A slew of lawsuits against Facebook, Apple, and Google alleging illegal gambling have been consolidated into one master complaint in the US District Court for the Northern District of California.
The combined, amended complaint now lists 25 plaintiffs. It alleges the US tech platforms have formed “dangerous partnerships” with some of the world’s biggest slot companies to create so create “an illegal gambling conspiracy” in the form of social casino products.
The “free-to-play” apps enable users to play games that ape real casino games but with virtual chips. These can be topped up using real money but which cannot be withdrawn as fiat currency. Social casinos use stimulating graphics and behavioral prompts that can create a compulsion loop for the user.
All plaintiffs say they have been hurt financially by this allegedly unholy alliance of social casinos and the digital platforms that host them, market them, and process the payments.
“Like Las Vegas slots, social casinos are extraordinarily profitable and highly addictive,” claims the lawsuit. “Social casinos are so lucrative because they mix the addictive aspects of traditional slot machines with the power of the Platforms … to leverage big data and social network pressures to identify target and exploit consumers prone to predictive behaviors.”
Last year, consumers purchased an estimated $6 billion in virtual chips. Of the top twelve grossing apps on Facebook, nine are social casinos.
The biggest of those, DoubleDown, is expected to generate around $400 million in chip purchases this year, according to the complaint. Of this, DoubleDown will keep $240 million and $40 million will go to Rhode Island-based gaming tech company IGT, which licenses slot machine intellectual property to DoubleDown, according to the suit. The remainder, $120 million, will go to Facebook and other platforms that host DoubleDown games, the suit claims.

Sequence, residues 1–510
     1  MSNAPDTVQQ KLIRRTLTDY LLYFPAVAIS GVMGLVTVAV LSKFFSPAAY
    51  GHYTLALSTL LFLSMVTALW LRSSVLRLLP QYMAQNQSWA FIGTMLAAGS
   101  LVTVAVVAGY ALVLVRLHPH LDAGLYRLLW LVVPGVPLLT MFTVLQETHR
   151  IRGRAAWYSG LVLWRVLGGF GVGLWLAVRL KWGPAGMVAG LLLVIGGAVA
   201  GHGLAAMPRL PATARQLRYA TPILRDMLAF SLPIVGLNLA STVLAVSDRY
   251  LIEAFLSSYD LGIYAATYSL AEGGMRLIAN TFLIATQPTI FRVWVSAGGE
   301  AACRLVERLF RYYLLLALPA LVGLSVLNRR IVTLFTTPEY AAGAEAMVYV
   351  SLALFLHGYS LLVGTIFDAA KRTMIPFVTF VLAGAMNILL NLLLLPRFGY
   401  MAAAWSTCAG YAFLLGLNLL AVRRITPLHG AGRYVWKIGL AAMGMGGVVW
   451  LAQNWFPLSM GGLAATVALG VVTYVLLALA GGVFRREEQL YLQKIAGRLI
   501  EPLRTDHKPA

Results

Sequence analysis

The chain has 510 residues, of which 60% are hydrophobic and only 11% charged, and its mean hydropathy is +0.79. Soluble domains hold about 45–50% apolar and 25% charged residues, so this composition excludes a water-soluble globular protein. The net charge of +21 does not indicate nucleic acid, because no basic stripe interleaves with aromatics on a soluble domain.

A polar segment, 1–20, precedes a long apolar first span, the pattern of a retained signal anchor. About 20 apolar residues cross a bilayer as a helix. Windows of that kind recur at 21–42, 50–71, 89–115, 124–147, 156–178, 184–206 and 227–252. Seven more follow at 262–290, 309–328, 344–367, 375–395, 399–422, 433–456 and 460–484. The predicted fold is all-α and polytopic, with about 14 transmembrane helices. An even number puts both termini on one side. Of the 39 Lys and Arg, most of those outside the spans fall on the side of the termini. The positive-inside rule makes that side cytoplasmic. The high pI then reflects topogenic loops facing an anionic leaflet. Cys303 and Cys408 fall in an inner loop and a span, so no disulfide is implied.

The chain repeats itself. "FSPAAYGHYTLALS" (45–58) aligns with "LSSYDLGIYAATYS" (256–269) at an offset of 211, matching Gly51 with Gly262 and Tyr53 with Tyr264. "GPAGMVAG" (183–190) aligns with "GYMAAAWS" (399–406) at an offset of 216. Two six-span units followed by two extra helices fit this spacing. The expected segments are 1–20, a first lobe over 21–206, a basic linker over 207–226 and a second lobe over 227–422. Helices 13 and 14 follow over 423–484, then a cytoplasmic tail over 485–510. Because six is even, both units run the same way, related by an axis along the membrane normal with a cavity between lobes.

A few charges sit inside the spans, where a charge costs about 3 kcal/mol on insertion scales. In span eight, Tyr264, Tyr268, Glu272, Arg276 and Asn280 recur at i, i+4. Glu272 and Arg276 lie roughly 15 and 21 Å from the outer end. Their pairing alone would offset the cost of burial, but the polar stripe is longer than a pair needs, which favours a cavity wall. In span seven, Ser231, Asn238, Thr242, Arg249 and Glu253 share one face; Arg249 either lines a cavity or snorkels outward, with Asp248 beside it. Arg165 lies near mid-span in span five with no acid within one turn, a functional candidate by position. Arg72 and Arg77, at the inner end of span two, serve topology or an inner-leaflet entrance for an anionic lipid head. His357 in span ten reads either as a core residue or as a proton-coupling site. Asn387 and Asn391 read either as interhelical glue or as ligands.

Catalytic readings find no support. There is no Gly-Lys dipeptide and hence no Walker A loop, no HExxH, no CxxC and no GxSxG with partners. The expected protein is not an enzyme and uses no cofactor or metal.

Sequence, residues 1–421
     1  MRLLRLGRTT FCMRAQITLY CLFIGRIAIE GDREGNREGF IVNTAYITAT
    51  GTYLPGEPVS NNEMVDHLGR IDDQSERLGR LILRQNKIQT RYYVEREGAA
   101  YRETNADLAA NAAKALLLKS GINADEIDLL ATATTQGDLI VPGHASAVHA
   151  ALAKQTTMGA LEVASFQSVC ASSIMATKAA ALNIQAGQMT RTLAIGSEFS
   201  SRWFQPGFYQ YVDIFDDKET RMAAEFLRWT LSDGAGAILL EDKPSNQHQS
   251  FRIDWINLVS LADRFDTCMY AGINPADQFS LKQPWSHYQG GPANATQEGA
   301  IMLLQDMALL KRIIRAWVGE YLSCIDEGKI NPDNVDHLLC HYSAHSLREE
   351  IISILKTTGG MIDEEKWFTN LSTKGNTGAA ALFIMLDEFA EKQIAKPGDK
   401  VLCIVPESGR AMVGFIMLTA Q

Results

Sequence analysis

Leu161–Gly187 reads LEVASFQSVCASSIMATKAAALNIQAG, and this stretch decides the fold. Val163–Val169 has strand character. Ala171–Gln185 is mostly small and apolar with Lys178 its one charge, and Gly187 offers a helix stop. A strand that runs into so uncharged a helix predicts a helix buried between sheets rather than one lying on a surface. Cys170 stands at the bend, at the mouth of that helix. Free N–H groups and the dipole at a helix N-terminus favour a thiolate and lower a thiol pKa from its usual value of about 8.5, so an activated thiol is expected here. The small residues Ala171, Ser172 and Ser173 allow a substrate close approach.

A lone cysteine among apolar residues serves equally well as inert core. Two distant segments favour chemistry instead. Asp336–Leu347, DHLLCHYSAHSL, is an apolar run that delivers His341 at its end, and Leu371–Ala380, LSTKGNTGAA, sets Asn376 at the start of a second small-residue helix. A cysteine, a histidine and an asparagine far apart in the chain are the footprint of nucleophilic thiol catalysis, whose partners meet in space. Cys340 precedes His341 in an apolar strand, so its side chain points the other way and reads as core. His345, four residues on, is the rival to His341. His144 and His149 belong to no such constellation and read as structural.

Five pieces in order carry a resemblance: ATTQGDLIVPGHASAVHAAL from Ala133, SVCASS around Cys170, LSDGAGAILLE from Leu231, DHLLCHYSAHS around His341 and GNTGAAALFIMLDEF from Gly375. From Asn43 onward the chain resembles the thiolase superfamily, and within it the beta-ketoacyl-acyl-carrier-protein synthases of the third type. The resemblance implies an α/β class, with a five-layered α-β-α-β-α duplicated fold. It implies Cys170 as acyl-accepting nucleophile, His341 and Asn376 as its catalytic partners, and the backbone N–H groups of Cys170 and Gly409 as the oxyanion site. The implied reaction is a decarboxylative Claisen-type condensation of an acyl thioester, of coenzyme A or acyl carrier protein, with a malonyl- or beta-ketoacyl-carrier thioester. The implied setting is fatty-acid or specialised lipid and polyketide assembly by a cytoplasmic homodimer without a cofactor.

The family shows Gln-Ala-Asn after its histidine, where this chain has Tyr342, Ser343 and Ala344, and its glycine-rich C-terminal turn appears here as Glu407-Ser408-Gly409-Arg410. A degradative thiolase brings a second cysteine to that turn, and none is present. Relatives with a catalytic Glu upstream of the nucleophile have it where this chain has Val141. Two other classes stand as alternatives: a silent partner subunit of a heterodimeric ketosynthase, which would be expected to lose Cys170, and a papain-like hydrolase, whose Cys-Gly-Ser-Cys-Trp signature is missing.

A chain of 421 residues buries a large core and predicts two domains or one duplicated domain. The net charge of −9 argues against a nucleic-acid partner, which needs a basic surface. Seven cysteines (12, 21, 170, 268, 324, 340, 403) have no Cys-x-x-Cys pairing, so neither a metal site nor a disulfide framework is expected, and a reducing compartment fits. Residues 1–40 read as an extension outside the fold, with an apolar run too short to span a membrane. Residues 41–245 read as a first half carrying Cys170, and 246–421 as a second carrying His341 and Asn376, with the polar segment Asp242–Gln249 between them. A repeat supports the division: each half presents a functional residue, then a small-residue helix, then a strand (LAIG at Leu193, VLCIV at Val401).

Big Fish to Fry
There have been many cases over the past decade accusing social games developers and publishers of offering illegal gambling. Most have failed. That’s because the legal definition of gambling in most jurisdictions requires something of value to be risked on a game of chance or a future event to receive something of value in return.
Since the virtual chips in social casino could were not considered to be “something of value” in the real world, the games could not be classed as gambling.
But in March 2018, a judge in the Ninth Circuit US Court of appeals ruled that virtual chips were indeed a thing of value and that Big Fish’s social casino games therefore constituted illegal gambling in Washington state.
The 25 plaintiffs cite this case in asserting social casino games are also illegal in California and several other states.
They are asking the court to order the platforms to cease offering social casino games and to return the profits. They state claims for class action relief under the Racketeer Influenced and Corrupt Organizations (RICO) Act, California’s Unfair Competition Law, and various state gambling and consumer protection laws.
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